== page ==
Last night, after work, I met up with a few die-hard members of the Maui Camera Club atop the summit of Haleakala to capture an amazing sunset, shoot some stars, and catch a cold. I was successful at two of those items on my list of things to do. As I write this blog, I am heavily under the influence of a name-brand cold medication.
Beginning on February 1st, Haleakala National Park will be instituting a reservation system for anyone wanting to attend the sunrise atop the volcano. This is a huge change from normal operating procedures for the park and has caused some grumbling by businesses that operate in the park and by people who go maybe once every three years. The bottom line is that the park has 150 parking spaces at the summit, and, on a typical morning, 300 cars arrive to watch the sunrise, so this an attempt to solve a problem. Will it be the final solution? We are a few days to finding out how it will work, so please stand by for more information.
Viewing a sunset does not require a reservation, just your entrance fee into the park. Although, watching the parking lot fill up and having people parking wherever they wanted last evening was entertaining and frightening at the same time. Having limited parking options as the sun begins to set really brings out the worst in people’s human nature.
I made a conscious decision before I left the house that I was only going to bring my Rokinon 14mm ultra-wide angle lens to shoot sunset and the stars, which explains why, as I was driving through the park a small pu’eo (Hawaiian owl) glided silently in front of the car. I swear they were taunting me.
Last night’s sunset was quick and easy but not spectacular. The temperature was in the high 50’s (fahrenheit), and the wild was mild, with occasional strong gusts. There were no clouds above 9,000 feet, so it went from sunny, to the sun dropping through the clouds below, to eventual darkness. Once the sun dipped below the clouds, the exodus began, and parking spots were plentiful.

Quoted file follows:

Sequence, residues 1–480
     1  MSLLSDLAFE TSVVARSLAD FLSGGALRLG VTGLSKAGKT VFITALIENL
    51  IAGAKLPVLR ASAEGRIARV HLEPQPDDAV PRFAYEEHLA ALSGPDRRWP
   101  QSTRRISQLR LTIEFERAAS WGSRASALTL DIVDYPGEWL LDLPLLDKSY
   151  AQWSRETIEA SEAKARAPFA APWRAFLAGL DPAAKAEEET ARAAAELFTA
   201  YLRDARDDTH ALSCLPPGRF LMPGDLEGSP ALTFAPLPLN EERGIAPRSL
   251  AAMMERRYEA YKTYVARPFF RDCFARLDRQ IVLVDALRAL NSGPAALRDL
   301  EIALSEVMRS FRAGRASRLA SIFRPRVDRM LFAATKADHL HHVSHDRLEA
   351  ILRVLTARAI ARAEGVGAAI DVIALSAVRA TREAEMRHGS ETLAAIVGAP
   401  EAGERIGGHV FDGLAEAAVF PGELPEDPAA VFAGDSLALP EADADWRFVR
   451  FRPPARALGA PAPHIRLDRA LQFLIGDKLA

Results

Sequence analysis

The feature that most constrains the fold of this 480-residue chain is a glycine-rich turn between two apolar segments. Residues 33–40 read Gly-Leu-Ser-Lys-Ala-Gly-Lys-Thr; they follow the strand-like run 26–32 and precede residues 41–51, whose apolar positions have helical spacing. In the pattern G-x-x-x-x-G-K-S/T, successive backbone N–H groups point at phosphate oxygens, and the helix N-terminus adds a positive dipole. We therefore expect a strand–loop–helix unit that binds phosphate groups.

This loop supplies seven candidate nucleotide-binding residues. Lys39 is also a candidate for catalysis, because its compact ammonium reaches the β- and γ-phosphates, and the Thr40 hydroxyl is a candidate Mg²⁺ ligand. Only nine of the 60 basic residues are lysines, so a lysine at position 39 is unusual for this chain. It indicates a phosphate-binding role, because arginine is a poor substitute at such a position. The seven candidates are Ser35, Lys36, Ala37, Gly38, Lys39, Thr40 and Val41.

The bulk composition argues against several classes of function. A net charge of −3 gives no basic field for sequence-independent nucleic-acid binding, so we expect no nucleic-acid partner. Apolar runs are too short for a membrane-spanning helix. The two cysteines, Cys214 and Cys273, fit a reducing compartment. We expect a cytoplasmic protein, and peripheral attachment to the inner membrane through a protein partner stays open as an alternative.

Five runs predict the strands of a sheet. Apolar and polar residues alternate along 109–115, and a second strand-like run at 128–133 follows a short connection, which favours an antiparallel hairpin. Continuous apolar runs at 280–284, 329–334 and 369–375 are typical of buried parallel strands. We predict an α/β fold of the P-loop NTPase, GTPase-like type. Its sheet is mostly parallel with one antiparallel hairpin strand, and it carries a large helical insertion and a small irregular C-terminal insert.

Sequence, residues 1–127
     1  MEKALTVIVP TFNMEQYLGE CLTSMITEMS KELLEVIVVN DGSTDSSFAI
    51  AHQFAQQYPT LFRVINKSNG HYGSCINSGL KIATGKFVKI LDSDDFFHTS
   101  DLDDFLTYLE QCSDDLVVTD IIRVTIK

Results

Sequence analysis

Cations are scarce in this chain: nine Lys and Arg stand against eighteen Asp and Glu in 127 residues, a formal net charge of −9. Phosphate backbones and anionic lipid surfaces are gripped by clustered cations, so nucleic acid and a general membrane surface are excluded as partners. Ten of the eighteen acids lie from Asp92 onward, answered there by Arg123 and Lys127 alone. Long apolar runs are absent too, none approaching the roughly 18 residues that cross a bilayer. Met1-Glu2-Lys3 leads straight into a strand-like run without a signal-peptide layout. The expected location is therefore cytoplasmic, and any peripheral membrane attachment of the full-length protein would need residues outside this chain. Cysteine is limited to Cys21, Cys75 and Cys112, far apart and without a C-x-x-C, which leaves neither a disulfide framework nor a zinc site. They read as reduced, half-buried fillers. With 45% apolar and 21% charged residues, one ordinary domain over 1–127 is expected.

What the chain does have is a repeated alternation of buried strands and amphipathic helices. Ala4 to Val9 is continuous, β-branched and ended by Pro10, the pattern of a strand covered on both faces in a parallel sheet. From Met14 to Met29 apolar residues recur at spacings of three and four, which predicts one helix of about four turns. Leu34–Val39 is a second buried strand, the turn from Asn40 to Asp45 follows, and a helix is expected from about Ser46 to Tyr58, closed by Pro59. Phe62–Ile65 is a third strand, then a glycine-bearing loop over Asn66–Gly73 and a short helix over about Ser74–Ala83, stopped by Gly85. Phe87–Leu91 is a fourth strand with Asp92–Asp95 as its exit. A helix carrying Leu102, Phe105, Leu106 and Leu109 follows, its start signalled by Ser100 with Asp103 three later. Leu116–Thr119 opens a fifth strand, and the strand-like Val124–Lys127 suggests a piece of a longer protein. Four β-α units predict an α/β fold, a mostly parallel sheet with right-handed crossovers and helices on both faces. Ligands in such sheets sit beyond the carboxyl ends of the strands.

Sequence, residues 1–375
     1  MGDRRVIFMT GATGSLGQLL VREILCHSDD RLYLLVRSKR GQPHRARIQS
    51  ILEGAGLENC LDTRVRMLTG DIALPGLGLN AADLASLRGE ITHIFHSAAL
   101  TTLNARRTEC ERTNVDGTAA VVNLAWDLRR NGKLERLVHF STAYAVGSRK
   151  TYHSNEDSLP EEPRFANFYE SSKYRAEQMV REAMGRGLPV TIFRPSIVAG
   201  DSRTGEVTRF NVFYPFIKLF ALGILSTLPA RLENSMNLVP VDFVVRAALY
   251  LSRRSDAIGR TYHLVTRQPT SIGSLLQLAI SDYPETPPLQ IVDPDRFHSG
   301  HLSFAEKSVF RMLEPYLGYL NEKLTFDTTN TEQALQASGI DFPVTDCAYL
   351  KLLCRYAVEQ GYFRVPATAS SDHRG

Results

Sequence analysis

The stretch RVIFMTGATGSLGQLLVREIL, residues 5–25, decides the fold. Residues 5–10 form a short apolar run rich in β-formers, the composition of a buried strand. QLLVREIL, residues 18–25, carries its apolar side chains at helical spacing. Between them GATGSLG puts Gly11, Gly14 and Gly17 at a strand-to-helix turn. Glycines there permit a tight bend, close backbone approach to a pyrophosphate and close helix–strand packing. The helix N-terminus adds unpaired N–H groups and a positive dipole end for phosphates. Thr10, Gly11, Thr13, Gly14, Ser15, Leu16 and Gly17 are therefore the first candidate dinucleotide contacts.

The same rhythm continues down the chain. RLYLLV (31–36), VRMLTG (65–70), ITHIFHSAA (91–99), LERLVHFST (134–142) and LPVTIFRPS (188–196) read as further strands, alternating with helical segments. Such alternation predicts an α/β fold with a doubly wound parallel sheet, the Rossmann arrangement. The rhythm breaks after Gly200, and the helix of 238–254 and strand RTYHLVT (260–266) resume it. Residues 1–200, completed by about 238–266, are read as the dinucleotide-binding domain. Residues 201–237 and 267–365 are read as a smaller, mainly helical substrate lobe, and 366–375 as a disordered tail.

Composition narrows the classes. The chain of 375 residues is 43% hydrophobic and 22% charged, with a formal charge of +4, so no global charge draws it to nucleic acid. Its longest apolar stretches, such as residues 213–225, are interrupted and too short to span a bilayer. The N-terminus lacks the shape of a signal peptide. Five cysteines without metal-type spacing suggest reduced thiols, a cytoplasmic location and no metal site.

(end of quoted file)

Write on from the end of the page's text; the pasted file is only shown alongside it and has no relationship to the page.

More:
Once the sun set, the temperature began its descent into the 40’s, so we sat in the warmth of the car and waited for about an hour for the stars to be visible. We were very fortunate last night as it was a clear sky above us. With our headlamps on (an invaluable tool any photographer should have in their camera bag, I use an inexpensive version that has a red light option to save your night vision), we ventured to different vantage points atop the summit to find a composition we liked.
One of the telescopes in Science City was shooting a laser into the sky. The beam from the laser pulsed super quickly and was moving in an upward angle. If you look in the picture below, you can see a faint green beam of light emitting from the center of the photo, pointing to the left.
We left the summit parking lot and made our way down to the lower visitor center parking where I was drawn to a composition I have shot many times before. The visitor center is lit faintly by the light from the public restroom, which makes light painting a breeze. In the picture below, I decided to shoot vertically to get more stars above and less horizon, but really wanted to visitor center to be sharp.
Nursing a few sniffles the next day is always worth getting out to shoot some pictures. I may not have gotten any jaw-dropping shots, but I did get to practice shooting against the elements, which is always useful in the real world.